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IMO: 50 years, 50 treaties

IMO: 50 years, 50 treaties
Today (March 17th) marks the 50th anniversary of the entry into force of the convention that established the International Maritime Organization (IMO).

IMO: 50 years, 50 treaties

Today (March 17th) marks the 50th anniversary of the entry into force of the convention that established the International Maritime Organization (IMO).

The past 50 years have seen the adoption, by IMO, of no less than 50 international conventions and protocols, covering maritime safety and security, prevention, reduction and control of pollution (both marine and atmospheric) from ships, liability and compensation, preparedness for and response to maritime accidents, and other issues including facilitation of maritime traffic and salvage.

This comprehensive body of international conventions and protocols is supported by literally hundreds of other measures such as codes, guidelines, recommended practices and so on. Between them, they influence almost every aspect of shipping and ship operation, including ship design, construction, equipment, operation, maintenance, manning and eventual disposal - literally, from the drawing board to the scrapyard.

The most recently adopted treaty was the Nairobi International Convention on the Removal of Wrecks, 2007, while a diplomatic conference is being scheduled for 2009 to adopt a new treaty on ship recycling.

The IMO Convention was adopted on 6 March 1948 at a conference held in Geneva, under the auspices of the United Nations, which also set up a Preparatory Committee of 12 Members, charged with functioning until the first regular meeting of the IMO Assembly. These 12 Members comprised (in alphabetical order): Greece, the Netherlands, Norway, Sweden, the United Kingdom and the United States (representing nations with the largest interest in providing international shipping services); and Argentina, Australia, Belgium, Canada, France and India (representing States with the largest interest in international seaborne trade).

The conditions for entry into force of the IMO Convention - 21 States, of which seven had to have not less than one million gross tons of merchant shipping - were achieved with the deposit by Japan of the 21st instrument of ratification on 17 March 1948.

Preparations were then set in motion for the first constituent Assembly of the Organization, which was held in London from 6 to 9 January 1959. (The Organization was originally called the Inter-Governmental Maritime Consultative Organization - IMCO; its name was changed to the International Maritime Organization in 1982, in order to reflect its evolving role as a regulatory body.)

IMO has now been shaping shipping for half a century, responding to ever-changing needs to achieve its mission objective of ''Safe, Secure and Efficient Shipping on Clean Oceans''.

Today, the Organization remains one of the smallest UN specialized agencies, headquartered in London, with a modest annual budget and a total of around 340 staff in the Secretariat. As befits a UN agency, there are many different nationalities represented on the staff, in six divisions: Maritime Safety, Marine Environment, Legal and External Relations, Technical Co-operation, Administrative and Conference.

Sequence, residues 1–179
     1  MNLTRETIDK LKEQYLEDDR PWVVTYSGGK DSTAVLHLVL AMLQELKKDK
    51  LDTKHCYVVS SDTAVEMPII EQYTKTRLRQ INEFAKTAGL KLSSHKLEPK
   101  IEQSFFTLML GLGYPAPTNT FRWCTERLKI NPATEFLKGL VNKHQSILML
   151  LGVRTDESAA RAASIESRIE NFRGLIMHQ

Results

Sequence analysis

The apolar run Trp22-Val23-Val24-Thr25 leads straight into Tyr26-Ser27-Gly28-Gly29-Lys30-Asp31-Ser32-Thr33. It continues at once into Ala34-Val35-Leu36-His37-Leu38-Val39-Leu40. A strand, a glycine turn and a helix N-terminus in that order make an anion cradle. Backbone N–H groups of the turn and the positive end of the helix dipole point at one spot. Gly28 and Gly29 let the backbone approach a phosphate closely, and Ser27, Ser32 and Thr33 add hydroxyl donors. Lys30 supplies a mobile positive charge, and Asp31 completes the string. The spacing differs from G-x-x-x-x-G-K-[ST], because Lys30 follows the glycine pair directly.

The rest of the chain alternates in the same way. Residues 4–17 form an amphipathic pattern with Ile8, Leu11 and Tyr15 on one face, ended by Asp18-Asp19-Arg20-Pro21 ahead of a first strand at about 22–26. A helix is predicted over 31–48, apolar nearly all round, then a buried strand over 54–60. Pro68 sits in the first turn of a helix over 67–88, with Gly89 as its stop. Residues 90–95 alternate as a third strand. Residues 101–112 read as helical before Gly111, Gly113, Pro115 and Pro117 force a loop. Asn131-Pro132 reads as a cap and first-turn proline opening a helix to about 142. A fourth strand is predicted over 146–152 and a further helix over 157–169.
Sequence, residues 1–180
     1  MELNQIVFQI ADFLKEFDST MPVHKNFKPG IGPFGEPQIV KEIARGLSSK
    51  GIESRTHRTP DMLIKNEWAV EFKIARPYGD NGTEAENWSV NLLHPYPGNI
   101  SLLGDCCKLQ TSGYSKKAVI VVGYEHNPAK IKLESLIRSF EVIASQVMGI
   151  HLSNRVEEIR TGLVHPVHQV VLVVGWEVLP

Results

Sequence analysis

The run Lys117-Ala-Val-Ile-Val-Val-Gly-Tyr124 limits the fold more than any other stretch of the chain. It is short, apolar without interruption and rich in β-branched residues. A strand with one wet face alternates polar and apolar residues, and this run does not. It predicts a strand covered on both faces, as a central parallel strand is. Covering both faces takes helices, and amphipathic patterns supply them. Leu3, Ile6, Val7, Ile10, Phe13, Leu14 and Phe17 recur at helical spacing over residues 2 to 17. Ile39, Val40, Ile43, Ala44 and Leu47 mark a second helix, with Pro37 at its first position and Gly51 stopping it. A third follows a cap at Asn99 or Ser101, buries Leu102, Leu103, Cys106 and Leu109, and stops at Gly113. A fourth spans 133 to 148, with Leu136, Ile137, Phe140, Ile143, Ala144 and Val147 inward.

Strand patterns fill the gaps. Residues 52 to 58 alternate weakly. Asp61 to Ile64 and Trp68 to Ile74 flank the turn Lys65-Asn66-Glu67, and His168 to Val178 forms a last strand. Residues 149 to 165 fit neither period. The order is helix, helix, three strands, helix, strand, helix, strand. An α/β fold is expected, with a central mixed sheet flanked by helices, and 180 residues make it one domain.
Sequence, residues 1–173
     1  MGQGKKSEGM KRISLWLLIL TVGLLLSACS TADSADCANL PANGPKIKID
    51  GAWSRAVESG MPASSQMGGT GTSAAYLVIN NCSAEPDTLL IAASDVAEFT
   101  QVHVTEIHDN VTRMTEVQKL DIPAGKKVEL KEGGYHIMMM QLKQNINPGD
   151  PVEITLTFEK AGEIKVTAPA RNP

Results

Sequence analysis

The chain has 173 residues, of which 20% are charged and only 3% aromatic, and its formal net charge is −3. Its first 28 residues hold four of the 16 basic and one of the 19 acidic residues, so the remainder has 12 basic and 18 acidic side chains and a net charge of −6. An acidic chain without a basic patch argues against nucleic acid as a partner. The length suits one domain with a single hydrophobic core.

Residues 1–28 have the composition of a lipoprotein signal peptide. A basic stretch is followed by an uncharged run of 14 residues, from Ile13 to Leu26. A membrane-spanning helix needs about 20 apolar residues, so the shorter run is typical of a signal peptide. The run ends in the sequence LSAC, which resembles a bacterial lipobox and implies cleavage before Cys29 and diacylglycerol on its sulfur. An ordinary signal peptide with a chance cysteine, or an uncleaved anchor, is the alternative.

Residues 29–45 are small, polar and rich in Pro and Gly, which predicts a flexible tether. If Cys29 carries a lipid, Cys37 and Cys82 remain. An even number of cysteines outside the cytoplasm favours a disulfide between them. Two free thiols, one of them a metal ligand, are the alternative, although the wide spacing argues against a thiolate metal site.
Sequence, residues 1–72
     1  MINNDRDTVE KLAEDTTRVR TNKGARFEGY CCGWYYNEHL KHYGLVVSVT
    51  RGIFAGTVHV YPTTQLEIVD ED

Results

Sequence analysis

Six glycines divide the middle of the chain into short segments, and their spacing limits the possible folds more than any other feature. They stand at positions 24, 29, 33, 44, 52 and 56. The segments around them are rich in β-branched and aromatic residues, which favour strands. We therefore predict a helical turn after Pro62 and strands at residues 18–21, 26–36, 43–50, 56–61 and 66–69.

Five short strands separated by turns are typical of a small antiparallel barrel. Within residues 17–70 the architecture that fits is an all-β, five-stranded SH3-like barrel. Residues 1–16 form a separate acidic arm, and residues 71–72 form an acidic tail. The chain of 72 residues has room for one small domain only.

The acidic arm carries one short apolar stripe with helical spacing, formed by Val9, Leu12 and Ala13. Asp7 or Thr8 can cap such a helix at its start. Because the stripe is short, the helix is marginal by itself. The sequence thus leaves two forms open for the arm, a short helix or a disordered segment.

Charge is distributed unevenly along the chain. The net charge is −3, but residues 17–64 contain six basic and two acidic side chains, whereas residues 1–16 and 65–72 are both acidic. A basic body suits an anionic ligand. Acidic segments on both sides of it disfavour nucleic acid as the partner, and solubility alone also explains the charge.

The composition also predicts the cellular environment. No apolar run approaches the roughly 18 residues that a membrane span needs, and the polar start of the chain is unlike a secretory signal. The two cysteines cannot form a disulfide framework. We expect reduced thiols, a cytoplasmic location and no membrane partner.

Unusually for a UN agency, the greater part of the IMO budget is contributed by developing countries. When IMO was formed, the Member States agreed to pay for the Organization's budget principally according to the size of each country's merchant shipping fleet. Because of the changes that have occurred in the sector over the last 30 years, in particular the introduction of the open registry system, this means that some of the biggest contributions to the budget are now drawn from countries such as Panama, Liberia and the Bahamas, as these are currently the countries with the world's largest registered fleets.

Over its fifty years of operations, IMO's membership has risen to 167 Member States and three Associate members, which includes virtually all the nations of the world with an interest in maritime affairs, be they involved in the shipping industry or coastal states with an interest in protecting their marine environment. In addition, several land-locked countries (with an interest in inland - rivers and lakes - navigation) are also Members of IMO.

The year 2008 contains a number of key milestones and anniversaries for the Organization:

* On 6 March, IMO celebrated 60 years since the adoption of the IMO Convention;
* 17 March marks the 50th anniversary of that Convention entering into force in 1958; and 
*  June will see the 100th meeting of the IMO Council, the executive organ of the Organization, which is responsible, under the IMO Assembly, for supervising the work of the Organization between sessions of the latter.

These occasions will be celebrated in a series of events coinciding with the week-long 100th session of the Council, from 16 to 20 June.

Source: www.imo.org

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